Name: Robert Duval Owen
Rank/Branch: E6/US Army Special Forces
Unit: Command & Control North, MACV-SOG, 5th Special Forces Group
Date of Birth: 21 December 1938 (Lynchburg VA)
Home City of Record: Chatham VA
Date of Loss: 23 May 1968
Country of Loss: Laos
Loss Coordinates: 161730N 1070600E (YD258028)
Status (in 1973): Missing In Action
Category: 4
Aircraft/Vehicle/Ground: ground
Refno: 1191

Source: Compiled from one or more of the following: raw data from U.S.
Government agency sources, correspondence with POW/MIA families, published
sources, interviews. Updated by the P.O.W. NETWORK in 2015.

Other Personnel In Incident: Glen O. Lane (missing)


SYNOPSIS: Robert D. Owen would have been called "gung-ho" by many. At age
14, he lied about his age and was in the Army, until the Army learned his
true age. Owen later joined the Special Forces and was subsequently sent to
Vietnam, where he was under orders MACV-SOG in Command & Control North as a
reconnaissance patrol member.

MACV-SOG, or Military Assistance Command Vietnam Studies and Observation
Group, was a joint service high command unconventional warfare task force
engaged in highly classified operations throughout Southeast Asia. The 5th
Special Forces channeled personnel into MACV-SOG (though it was not a
Special Forces group) through Special Operations Augmentation (SOA), which
provided their "cover" while under secret orders to MACV-SOG. These teams
performed deep penetration missions of strategic reconnaissance and
interdiction which were called, depending on the time frame, "Shining Brass"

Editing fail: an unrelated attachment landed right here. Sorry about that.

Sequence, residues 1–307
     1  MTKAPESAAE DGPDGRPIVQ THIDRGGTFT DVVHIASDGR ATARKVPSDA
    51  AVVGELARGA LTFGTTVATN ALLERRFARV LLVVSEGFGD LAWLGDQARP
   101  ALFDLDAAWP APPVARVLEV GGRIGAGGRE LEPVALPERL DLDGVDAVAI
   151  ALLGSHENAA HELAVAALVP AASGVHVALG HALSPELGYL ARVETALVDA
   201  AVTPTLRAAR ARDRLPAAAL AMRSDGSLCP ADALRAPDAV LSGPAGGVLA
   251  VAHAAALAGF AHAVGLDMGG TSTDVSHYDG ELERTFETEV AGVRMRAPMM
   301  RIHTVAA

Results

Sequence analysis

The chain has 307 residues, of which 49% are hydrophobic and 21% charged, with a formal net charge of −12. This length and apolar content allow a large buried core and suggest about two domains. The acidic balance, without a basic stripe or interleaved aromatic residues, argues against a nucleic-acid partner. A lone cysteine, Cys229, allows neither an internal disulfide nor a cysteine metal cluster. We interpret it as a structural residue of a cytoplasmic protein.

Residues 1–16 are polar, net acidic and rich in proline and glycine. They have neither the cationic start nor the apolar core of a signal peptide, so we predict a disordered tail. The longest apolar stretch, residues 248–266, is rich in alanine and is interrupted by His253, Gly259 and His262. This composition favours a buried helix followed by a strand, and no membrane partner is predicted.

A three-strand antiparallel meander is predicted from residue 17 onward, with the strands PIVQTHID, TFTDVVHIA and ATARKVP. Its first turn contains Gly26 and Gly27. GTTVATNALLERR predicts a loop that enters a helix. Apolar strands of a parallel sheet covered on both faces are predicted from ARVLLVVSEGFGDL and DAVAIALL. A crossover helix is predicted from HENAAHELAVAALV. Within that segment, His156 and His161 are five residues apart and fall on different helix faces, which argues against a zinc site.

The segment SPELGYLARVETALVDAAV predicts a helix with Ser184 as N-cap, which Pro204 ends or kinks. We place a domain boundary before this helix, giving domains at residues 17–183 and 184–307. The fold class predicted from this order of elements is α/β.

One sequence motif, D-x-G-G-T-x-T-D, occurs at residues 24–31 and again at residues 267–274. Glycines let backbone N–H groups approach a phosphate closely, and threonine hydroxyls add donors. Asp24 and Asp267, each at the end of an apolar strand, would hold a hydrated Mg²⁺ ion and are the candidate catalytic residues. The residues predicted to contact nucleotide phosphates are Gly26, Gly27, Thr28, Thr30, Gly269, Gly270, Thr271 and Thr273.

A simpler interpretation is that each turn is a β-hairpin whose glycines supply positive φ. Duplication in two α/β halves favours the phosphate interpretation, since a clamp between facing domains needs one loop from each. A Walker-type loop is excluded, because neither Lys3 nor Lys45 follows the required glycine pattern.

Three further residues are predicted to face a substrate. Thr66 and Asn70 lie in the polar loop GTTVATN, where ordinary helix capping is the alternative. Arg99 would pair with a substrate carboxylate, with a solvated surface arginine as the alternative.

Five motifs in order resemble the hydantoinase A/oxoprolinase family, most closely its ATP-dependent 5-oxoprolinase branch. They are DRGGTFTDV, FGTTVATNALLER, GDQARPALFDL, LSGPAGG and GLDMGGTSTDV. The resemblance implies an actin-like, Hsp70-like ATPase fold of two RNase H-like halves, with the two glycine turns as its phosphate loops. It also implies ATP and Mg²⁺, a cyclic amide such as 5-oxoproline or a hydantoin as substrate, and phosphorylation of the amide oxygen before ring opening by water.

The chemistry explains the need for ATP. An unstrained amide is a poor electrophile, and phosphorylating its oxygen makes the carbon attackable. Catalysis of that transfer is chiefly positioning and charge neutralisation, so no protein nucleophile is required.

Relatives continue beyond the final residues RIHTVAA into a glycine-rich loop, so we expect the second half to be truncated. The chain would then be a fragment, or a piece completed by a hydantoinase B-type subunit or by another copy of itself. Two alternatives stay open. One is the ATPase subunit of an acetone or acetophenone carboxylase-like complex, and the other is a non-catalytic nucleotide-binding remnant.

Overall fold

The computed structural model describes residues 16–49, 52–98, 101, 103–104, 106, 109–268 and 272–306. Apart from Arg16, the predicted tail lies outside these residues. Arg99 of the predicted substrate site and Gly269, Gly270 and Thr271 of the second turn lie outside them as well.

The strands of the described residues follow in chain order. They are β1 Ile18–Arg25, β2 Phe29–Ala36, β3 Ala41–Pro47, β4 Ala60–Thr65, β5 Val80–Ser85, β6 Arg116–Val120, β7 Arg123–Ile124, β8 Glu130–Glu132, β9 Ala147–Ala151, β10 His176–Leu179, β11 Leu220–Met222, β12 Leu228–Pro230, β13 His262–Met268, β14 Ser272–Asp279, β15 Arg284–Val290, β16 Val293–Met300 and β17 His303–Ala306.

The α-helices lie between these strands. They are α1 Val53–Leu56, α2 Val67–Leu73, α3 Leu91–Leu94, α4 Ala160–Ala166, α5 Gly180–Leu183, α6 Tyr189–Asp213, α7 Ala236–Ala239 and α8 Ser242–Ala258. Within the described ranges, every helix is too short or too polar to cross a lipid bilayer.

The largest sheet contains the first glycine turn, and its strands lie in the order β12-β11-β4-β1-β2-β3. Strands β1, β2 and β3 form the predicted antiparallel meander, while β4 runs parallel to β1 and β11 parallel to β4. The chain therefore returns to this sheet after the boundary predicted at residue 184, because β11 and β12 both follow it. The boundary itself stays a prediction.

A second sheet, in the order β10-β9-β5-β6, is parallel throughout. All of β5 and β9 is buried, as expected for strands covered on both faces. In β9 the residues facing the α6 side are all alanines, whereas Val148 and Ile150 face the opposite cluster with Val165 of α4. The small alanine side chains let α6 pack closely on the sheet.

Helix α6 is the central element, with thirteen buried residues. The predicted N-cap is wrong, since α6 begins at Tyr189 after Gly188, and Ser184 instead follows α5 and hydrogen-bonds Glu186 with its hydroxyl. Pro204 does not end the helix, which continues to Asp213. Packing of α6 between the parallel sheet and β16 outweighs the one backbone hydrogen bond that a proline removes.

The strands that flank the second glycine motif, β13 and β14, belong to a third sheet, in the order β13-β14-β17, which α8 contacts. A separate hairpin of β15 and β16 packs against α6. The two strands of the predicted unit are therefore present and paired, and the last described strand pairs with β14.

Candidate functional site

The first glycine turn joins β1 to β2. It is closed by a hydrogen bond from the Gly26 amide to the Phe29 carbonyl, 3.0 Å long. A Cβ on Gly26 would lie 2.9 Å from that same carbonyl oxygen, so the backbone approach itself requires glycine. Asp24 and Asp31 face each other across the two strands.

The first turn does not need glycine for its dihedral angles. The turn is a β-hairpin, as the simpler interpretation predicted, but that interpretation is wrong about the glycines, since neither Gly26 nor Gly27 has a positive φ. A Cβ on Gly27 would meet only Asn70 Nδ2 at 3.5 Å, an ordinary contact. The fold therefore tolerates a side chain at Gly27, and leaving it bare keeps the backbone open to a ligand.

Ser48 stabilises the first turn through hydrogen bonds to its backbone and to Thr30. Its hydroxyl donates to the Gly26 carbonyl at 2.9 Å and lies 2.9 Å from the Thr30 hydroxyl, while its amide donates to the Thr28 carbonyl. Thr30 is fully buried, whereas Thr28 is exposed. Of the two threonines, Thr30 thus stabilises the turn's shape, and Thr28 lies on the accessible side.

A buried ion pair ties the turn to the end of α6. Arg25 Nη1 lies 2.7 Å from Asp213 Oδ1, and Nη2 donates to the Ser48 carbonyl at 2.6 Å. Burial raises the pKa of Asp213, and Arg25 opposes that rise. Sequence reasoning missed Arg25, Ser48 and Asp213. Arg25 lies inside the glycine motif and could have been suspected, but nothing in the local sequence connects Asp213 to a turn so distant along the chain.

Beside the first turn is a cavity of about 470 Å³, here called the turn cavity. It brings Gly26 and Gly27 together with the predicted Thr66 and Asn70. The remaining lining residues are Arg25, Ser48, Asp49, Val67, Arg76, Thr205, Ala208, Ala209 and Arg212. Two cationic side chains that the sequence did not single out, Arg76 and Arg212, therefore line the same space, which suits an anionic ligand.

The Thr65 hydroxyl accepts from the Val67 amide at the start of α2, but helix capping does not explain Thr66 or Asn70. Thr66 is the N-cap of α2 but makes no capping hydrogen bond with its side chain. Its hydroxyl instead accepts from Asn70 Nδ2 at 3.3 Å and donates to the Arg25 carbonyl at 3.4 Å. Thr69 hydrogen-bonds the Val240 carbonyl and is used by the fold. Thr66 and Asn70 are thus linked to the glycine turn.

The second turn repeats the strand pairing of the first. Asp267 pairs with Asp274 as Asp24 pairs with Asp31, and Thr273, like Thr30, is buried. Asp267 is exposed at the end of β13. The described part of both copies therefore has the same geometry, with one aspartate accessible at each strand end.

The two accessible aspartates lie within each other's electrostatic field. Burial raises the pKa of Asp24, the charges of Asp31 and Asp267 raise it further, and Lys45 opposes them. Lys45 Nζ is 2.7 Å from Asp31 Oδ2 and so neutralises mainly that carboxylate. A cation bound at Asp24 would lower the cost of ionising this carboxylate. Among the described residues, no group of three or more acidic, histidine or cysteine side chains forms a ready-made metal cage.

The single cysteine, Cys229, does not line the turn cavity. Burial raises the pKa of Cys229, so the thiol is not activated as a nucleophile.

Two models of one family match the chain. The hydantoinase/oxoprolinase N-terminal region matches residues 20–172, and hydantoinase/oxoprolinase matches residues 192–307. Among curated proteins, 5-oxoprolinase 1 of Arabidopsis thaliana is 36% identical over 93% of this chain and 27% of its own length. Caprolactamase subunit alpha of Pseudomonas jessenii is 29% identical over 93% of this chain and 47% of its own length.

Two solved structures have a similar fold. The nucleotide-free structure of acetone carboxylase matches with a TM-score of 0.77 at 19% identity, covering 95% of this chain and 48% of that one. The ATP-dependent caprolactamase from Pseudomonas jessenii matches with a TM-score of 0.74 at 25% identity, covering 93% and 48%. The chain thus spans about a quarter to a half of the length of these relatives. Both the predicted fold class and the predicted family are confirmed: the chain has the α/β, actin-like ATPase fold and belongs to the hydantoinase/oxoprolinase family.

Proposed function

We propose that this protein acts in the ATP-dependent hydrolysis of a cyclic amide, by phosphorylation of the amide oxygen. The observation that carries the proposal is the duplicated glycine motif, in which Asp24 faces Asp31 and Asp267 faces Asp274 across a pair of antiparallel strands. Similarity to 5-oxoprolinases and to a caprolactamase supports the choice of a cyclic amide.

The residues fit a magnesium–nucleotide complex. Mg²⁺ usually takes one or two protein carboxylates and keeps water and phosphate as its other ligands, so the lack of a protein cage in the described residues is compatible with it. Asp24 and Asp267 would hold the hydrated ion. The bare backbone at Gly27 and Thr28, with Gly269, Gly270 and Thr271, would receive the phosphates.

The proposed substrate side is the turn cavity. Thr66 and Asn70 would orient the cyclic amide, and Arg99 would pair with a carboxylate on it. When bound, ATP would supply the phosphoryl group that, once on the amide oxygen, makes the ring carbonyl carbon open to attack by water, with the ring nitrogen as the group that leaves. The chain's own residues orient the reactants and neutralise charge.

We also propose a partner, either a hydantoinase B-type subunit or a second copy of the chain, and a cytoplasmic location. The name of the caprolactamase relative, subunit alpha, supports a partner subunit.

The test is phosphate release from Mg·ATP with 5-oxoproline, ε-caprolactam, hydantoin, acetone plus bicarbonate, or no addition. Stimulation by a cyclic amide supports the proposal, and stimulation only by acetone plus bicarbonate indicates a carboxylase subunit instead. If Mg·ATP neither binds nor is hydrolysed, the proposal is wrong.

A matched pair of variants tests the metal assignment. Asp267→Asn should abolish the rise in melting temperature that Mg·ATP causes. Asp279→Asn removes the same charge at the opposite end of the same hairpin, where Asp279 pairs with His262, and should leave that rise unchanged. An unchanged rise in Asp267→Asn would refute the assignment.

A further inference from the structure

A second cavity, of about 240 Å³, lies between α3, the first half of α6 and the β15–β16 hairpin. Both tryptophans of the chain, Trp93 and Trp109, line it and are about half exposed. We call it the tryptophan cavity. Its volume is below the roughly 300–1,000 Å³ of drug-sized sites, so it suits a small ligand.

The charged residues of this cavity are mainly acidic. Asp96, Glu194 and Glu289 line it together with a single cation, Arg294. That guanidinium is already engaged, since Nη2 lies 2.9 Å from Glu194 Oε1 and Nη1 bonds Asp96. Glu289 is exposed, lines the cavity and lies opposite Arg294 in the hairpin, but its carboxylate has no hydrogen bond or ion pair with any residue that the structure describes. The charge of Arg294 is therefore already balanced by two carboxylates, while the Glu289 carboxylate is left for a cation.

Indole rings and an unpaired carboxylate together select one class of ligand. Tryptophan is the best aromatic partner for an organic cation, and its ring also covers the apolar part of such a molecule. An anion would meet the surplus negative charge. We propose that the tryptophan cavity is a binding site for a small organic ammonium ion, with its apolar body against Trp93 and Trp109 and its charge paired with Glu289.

or "Prairie Fire" missions.

On May 20, 1968, SFC Glen Lane and SSgt. Robert D. Owens were the only two
U.S. members of the 6-man spike team "Idaho" assigned to infiltrate a denied
area across the Lao border west of A Loui.

The team was inserted into the area by helicopter, and was heard from only
once thereafter by a Forward Air Controller (FAC) about 1024 hours the same
day. All further contact with the patrol was lost. The spike team "Oregon"
was inserted into the same landing zone, and after finding a trail, searched
about 50 meters from the area and noticed signs of a fire fight.

At that time, "Oregon" was attacked by an estimated company-sized enemy
force and was extracted after suffering one killed and seven wounded. There
was no further ground search for Owen or Lane. The 12 man team believed that
the two had been either captured or killed.

When American POWs were released in 1973, Lane and Owen were not among them.
Indeed, the agreements which ended the war in Southeast Asia did not include
provision for the men held prisoner in Laos. No treaty has been struck since
that time for them. Nearly 600 remain missing in Laos.

Since the end of the war, thousands of reports have been received that
indicate Americans were left behind in Southeast Asia and remain there,
captive, today. Lane and Owen could be among them. It's time we brought our
men home.

Eighteen years after her father was lost, Owen's young daughter Robin,
attracted by the growing numbers of reports of Americans still alive in
captivity, made the decision to find out what happened to her father. Says
Robin, "to date no one's returned from Laos, and that's where my father
disappeared. I don't want to be quiet anymore."


ST Idaho:   Vietnam Recon Team Still MIA After 47 Years

Glen Oliver Lane and the fate of his small reconnaissance team still haunt me to this day. We never met. Our paths crossed only momentarily 47 years ago.
On May 20, 1968, me and two two other young, green Green Berets entered year four of the top-secret war that was fought during the Vietnam War. It was fought for eight years under the aegis of the Military Assistance Command Vietnam–Studies and Observations Group, or simply SOG....